Morrisons might still be dithering over implementing a fully transactional website, but those retailers already in the 21st century will be anticipating the key trends driving digital in 2013.
Looking back, last year UK consumers were offered more choice of where and how to spend. They took this for granted, then set even higher demands for retailers - ‘twas ever thus. So how should they meet the growing expectations of shoppers in 2013?
Tapping tablets: Deloitte estimated that £500m of UK sales came directly through tablets over Christmas and that mobile played a significant role in the customer journey for an additional £3.2bn of in-store sales.
The growth of revenue from tablets and smartphones will be a defining trend in 2013. Retailers wanting to take full advantage of it will need to continue to invest in creating customised websites for different devices. A one-site-fits-all approach, which doesn’t capitalise on the richer user experience of tablet devices, will soon start to disappoint consumers.
“Organisations will need to invest even more time and money in content”
Personalisation: This year content should not just be optimised for devices - it should also be personalised to the individual.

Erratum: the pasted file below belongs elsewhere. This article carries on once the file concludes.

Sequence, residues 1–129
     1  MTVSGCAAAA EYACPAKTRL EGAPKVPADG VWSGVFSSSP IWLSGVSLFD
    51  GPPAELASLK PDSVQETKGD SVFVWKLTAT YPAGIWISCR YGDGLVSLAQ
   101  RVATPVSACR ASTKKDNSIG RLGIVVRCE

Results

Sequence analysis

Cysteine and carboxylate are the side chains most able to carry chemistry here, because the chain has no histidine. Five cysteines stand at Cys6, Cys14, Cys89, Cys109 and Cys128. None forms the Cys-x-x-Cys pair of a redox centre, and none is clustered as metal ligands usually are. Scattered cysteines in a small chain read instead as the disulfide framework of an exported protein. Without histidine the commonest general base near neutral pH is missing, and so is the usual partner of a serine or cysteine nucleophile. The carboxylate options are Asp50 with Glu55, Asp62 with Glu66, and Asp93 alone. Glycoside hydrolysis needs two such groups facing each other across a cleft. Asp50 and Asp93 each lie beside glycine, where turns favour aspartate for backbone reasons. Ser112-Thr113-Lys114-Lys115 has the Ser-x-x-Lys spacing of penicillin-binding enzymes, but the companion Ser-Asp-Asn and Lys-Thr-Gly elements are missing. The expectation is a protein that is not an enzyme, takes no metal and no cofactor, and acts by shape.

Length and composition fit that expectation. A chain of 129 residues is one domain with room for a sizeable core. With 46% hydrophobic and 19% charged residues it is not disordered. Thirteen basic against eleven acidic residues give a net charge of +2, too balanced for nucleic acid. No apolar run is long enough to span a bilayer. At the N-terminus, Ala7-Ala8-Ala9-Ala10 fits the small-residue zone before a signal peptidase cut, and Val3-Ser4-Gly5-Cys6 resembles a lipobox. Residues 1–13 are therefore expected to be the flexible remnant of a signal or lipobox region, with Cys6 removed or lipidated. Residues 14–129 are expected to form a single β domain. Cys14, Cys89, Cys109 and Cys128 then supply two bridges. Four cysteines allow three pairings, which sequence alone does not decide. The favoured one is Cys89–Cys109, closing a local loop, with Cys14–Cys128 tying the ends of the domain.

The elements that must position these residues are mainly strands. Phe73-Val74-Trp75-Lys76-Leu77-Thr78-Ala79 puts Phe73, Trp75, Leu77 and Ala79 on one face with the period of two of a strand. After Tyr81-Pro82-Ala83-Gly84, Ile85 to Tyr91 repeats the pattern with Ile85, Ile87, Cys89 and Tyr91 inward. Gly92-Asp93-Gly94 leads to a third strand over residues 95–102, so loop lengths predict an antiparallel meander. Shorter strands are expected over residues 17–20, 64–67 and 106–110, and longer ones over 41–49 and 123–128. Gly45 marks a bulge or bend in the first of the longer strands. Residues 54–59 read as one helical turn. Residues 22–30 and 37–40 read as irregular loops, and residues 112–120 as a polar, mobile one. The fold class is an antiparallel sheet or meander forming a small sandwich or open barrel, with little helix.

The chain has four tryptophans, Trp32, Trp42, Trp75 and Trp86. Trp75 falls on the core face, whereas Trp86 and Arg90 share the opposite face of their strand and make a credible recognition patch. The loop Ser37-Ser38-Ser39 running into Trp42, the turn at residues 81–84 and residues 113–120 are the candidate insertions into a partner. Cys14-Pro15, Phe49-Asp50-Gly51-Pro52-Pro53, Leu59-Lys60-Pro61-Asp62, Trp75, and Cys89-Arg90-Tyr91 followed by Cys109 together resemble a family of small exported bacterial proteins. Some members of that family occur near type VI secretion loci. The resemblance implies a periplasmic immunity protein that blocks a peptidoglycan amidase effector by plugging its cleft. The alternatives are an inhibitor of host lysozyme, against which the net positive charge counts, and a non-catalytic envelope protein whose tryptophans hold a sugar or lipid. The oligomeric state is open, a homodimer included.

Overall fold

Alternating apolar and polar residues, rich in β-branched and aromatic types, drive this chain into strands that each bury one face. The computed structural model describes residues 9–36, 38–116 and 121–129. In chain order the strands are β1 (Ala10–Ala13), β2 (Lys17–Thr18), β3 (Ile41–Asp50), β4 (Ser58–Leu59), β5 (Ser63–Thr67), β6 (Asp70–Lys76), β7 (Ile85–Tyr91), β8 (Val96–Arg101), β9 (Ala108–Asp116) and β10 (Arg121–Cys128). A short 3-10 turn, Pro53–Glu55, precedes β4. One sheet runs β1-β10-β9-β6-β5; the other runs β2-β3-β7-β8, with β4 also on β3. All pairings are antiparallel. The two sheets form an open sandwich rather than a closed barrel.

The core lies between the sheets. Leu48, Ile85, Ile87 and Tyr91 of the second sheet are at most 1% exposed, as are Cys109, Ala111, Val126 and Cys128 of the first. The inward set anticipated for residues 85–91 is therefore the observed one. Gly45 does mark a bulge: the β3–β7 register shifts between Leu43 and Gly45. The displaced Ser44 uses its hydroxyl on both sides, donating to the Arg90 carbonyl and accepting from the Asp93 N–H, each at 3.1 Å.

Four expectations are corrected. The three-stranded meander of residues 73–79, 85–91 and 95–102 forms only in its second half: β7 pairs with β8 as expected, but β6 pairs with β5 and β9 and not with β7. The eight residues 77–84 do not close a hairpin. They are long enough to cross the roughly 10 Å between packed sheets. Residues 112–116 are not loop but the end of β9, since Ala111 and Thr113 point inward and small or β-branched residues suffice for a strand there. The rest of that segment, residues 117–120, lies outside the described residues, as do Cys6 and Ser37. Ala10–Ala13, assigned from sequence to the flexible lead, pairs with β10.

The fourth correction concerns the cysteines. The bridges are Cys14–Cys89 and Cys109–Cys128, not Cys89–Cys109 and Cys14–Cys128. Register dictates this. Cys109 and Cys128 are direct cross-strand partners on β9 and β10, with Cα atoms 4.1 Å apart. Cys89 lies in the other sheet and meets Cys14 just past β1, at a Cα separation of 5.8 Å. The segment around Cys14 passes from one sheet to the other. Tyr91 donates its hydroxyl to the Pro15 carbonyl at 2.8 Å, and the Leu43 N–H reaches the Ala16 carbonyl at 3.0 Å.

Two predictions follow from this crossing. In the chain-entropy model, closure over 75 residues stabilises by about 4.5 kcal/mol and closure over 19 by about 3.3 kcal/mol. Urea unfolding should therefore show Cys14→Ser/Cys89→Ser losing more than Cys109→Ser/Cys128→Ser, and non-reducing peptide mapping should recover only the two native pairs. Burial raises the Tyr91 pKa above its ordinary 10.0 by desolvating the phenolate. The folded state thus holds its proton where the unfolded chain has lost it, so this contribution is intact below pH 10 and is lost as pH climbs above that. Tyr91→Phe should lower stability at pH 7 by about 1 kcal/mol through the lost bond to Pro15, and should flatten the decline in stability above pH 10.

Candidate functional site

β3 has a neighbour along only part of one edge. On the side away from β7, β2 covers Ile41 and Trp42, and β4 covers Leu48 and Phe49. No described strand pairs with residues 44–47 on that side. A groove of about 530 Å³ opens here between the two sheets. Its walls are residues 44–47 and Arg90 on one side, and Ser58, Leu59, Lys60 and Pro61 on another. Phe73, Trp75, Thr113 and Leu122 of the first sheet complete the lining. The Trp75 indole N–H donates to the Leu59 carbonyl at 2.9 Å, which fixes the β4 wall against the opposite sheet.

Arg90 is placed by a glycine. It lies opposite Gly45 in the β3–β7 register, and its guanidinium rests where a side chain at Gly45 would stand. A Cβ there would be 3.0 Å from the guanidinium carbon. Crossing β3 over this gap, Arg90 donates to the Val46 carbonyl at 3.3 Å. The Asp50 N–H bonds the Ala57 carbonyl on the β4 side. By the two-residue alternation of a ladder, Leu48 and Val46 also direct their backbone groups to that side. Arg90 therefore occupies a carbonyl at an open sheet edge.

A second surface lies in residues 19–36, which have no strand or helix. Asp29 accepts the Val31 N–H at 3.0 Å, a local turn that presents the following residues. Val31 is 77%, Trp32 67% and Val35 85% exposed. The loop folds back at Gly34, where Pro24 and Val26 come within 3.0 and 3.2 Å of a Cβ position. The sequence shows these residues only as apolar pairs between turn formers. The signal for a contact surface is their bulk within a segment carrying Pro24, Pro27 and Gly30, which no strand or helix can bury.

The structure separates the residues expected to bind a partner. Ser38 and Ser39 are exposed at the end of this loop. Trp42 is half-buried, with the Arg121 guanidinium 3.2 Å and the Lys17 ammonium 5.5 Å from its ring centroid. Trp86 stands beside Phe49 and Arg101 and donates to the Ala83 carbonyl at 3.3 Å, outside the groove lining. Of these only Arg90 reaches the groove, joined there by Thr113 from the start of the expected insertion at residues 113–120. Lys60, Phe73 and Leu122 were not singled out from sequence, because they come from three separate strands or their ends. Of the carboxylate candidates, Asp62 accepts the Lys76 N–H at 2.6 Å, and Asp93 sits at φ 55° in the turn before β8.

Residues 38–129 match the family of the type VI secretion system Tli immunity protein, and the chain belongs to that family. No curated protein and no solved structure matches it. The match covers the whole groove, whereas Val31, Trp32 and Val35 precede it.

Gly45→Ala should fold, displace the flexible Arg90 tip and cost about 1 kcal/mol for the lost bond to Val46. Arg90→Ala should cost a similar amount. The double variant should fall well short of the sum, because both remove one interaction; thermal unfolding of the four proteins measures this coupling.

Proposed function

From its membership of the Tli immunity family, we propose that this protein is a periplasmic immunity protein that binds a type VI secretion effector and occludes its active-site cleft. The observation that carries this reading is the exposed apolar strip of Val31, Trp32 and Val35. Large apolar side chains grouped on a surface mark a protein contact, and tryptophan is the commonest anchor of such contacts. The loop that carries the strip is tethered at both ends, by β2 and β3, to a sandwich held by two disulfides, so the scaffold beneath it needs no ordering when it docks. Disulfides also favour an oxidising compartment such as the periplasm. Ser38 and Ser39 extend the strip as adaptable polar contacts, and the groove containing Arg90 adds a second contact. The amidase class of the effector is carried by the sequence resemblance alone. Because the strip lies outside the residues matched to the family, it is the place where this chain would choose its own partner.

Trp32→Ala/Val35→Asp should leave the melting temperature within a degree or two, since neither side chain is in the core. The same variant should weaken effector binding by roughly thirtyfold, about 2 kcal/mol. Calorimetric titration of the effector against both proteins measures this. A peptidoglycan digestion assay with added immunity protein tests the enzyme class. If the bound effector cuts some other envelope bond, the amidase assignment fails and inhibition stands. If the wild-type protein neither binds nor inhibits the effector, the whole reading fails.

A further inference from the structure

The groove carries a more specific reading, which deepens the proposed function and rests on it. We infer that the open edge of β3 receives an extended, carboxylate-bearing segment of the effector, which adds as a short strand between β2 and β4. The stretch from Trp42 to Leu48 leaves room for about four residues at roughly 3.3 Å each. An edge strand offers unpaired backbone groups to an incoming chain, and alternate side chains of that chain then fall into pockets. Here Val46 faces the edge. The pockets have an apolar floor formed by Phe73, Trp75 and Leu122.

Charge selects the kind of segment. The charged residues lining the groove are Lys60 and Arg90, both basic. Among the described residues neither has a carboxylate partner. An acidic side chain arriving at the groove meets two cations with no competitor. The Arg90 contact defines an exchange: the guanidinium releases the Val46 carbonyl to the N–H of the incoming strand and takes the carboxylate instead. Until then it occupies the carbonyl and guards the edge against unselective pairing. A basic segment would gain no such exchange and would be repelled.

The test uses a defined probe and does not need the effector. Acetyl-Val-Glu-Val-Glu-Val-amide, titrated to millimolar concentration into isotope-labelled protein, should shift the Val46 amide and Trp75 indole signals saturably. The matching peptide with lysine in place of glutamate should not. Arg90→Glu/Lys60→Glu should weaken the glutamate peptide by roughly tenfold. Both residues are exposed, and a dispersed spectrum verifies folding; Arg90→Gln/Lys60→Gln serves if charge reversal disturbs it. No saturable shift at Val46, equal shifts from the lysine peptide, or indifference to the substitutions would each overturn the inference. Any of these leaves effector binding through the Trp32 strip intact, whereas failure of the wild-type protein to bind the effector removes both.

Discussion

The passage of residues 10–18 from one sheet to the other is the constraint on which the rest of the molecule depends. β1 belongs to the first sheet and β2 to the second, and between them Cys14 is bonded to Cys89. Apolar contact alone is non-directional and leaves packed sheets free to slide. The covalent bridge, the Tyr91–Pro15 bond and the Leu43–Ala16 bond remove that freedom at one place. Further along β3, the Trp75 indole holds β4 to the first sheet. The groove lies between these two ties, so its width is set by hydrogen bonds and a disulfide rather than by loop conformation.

First and foremost, this requires the intelligent use of existing customer data, but also utilising the information that consumers are making available through their social media and online profiles. Increasingly sophisticated IP geolocation services will better enable retailers to tailor offers and products.
New ways to pay: Many retailers have now rolled out contactless payments, particularly in London, and many consumers are starting to view it as a standard method of payment.
M&S followed other supermarkets in launching limited trials in Simply Food outlets last August, and Waitrose is set to introduce the technology across all its branches this spring. It will be hard for the big boys to resist deploying the technology on every till across the country.
Attribution: As the importance of online marketing grows, the ability to accurately identify the role different channels play in buying behaviour will too. Sophisticated retailers will move away from a ‘last click wins’ attribution model, to one that properly takes into the consideration the role of social media, search, affiliate and display advertising.
Content: The final priority is one of mindset, with retailers and suppliers taking the necessary journey down the road to becoming branded content companies. Organisations will need to invest even more time and resources in feeding the voracious demand for video, beautiful imagery and creative copy that really engages customers across digital platforms. Hold on to your seats!